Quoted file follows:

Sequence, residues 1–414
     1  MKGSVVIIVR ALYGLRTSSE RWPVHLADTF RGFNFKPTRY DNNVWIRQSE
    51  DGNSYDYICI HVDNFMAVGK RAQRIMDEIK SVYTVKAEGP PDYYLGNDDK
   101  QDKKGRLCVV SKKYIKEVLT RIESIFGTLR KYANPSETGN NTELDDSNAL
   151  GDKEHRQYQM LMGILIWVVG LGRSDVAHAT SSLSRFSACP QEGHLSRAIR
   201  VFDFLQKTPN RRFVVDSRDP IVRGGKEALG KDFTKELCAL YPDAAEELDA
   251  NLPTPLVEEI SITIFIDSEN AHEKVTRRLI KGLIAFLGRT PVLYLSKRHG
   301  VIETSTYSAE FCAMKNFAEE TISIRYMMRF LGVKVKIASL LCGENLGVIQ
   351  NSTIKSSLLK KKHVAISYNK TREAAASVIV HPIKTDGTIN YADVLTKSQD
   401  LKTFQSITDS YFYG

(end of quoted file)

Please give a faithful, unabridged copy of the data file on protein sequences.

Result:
Sequence, residues 1–414
     1  MKGSVVIIVR ALYGLRTSSE RWPVHLADTF RGFNFKPTRY DNNVWIRQSE
    51  DGNSYDYICI HVDNFMAVGK RAQRIMDEIK SVYTVKAEGP PDYYLGNDDK
   101  QDKKGRLCVV SKKYIKEVLT RIESIFGTLR KYANPSETGN NTELDDSNAL
   151  GDKEHRQYQM LMGILIWVVG LGRSDVAHAT SSLSRFSACP QEGHLSRAIR
   201  VFDFLQKTPN RRFVVDSRDP IVRGGKEALG KDFTKELCAL YPDAAEELDA
   251  NLPTPLVEEI SITIFIDSEN AHEKVTRRLI KGLIAFLGRT PVLYLSKRHG
   301  VIETSTYSAE FCAMKNFAEE TISIRYMMRF LGVKVKIASL LCGENLGVIQ
   351  NSTIKSSLLK KKHVAISYNK TREAAASVIV HPIKTDGTIN YADVLTKSQD
   401  LKTFQSITDS YFYG